Event Title

Perceived Weight Stigma and Inhibitory Control: The Moderating Role of Weight-based Discrimination

Presenter Information

Gia Macias
Sarah Tveit

Presentation Type

Poster Presentation/Art Exihibt

College

College of Social and Behavioral Sciences

Major

Psychology

Location

Event Center A & B

Faculty Mentor

Dr. Joseph Wellman

Start Date

5-19-2016 1:00 PM

End Date

5-19-2016 2:30 PM

Abstract

Increased prevalence of obesity has led to discussion of the issue as a threat to the health care system and a societal burden to others (Tomiyama, 2014). Viewing the problem in this manner has resulted in greater stigmatization of the overweight (Tomiyama et al., 2014), which can result in increased discrimination toward these individuals, rendering them vulnerable to negative psychological consequences (Tomiyama, 2014; Puhl & Heuer, 2009). In the present study, we examined weight-based stigma as a moderator of the relationship between perceived weight stigma and cognitive ability (i.e., inhibitory control). We hypothesized that greater perceptions of weight stigma would be associated with decreased performance on an inhibitory control task when weight-based discrimination was made salient. Prior to the study, undergraduate students completed an online survey that assessed perceived weight stigma. Participants who considered themselves to be overweight were then recruited for a laboratory study involving an article reading task to manipulate the salience of weight-based discrimination, and a computerized cognitive task to measure inhibitory control. Preliminary results showed that participants who scored higher on perceived weight stigma performed significantly worse on the inhibitory control task than participants who scored lower on perceived weight stigma. Moreover, weight-based discrimination moderated this relationship, such that greater perceived weight stigma led to decreased inhibitory control ability only for those participants who read the discrimination article, but not for participants who read the control article. The present findings have theoretical and practical implications for both understanding and addressing the health consequences of weight-based discrimination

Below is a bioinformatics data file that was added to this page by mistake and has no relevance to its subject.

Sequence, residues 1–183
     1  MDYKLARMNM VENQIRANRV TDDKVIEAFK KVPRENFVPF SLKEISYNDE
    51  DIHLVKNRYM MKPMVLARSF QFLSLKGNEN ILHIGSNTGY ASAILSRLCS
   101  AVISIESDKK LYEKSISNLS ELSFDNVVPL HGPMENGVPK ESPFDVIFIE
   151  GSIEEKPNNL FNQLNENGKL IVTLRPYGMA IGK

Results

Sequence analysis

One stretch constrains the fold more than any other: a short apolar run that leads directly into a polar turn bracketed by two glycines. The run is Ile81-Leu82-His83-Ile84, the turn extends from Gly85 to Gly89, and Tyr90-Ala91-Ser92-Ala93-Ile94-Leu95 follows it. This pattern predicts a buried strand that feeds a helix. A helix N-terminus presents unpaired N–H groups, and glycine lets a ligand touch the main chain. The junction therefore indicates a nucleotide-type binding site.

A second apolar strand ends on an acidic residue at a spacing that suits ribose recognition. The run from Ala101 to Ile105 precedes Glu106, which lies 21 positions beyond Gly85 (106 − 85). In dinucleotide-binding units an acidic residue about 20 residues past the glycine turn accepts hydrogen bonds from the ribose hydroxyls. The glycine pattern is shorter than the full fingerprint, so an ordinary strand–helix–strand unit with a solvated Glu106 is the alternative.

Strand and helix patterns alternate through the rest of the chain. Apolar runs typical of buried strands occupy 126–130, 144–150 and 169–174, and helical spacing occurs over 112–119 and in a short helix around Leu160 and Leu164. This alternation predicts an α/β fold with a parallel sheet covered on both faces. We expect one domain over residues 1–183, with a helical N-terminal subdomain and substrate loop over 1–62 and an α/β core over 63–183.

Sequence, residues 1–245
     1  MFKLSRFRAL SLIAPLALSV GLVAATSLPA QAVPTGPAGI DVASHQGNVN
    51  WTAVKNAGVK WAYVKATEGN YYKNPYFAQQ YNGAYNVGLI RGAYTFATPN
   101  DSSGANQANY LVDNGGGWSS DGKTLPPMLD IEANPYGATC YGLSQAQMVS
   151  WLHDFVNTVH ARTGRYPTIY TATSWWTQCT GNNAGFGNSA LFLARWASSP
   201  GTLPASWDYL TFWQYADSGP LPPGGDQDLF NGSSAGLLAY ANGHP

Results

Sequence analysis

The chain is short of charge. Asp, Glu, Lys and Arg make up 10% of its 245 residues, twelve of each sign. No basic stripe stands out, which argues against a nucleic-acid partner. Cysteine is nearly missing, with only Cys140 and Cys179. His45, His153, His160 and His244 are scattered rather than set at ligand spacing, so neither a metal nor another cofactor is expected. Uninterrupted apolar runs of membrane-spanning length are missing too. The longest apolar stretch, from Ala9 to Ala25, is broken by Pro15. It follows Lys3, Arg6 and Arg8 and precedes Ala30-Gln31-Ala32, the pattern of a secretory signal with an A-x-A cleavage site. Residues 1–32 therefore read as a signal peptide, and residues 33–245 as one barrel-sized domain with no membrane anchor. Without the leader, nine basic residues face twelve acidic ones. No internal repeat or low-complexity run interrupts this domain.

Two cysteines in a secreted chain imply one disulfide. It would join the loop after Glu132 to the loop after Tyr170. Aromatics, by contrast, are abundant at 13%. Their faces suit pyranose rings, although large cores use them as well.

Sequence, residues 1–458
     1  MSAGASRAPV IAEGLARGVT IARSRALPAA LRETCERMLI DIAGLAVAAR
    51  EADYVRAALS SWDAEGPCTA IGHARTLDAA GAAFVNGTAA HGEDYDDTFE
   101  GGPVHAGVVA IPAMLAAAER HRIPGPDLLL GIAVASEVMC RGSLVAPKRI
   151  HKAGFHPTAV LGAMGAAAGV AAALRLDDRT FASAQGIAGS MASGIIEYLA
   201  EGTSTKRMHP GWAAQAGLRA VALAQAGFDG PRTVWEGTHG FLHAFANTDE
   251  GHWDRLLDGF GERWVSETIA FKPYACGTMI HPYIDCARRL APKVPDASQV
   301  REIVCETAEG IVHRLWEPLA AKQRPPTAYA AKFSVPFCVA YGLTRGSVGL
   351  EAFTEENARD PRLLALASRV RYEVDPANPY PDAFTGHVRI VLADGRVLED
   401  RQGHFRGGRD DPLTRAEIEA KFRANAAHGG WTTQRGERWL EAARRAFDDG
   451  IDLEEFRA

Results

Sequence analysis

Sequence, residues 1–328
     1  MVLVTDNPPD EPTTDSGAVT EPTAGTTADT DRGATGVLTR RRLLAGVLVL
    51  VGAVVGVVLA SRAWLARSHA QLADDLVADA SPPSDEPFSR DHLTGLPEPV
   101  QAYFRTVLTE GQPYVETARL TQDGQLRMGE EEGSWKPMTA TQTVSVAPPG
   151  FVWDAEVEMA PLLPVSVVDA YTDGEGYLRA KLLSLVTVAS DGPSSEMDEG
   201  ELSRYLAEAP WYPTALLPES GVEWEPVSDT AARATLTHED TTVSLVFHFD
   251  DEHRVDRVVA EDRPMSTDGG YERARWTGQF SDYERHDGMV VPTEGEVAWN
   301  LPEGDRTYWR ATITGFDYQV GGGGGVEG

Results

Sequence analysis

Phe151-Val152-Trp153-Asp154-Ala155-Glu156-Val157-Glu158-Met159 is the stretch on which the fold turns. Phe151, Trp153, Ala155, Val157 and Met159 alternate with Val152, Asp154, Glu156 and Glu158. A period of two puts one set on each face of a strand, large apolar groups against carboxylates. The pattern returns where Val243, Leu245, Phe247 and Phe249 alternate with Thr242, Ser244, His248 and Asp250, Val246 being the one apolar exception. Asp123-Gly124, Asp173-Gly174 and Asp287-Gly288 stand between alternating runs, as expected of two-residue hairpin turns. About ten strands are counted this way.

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May 19th, 1:00 PM May 19th, 2:30 PM

Perceived Weight Stigma and Inhibitory Control: The Moderating Role of Weight-based Discrimination

Event Center A & B

Increased prevalence of obesity has led to discussion of the issue as a threat to the health care system and a societal burden to others (Tomiyama, 2014). Viewing the problem in this manner has resulted in greater stigmatization of the overweight (Tomiyama et al., 2014), which can result in increased discrimination toward these individuals, rendering them vulnerable to negative psychological consequences (Tomiyama, 2014; Puhl & Heuer, 2009). In the present study, we examined weight-based stigma as a moderator of the relationship between perceived weight stigma and cognitive ability (i.e., inhibitory control). We hypothesized that greater perceptions of weight stigma would be associated with decreased performance on an inhibitory control task when weight-based discrimination was made salient. Prior to the study, undergraduate students completed an online survey that assessed perceived weight stigma. Participants who considered themselves to be overweight were then recruited for a laboratory study involving an article reading task to manipulate the salience of weight-based discrimination, and a computerized cognitive task to measure inhibitory control. Preliminary results showed that participants who scored higher on perceived weight stigma performed significantly worse on the inhibitory control task than participants who scored lower on perceived weight stigma. Moreover, weight-based discrimination moderated this relationship, such that greater perceived weight stigma led to decreased inhibitory control ability only for those participants who read the discrimination article, but not for participants who read the control article. The present findings have theoretical and practical implications for both understanding and addressing the health consequences of weight-based discrimination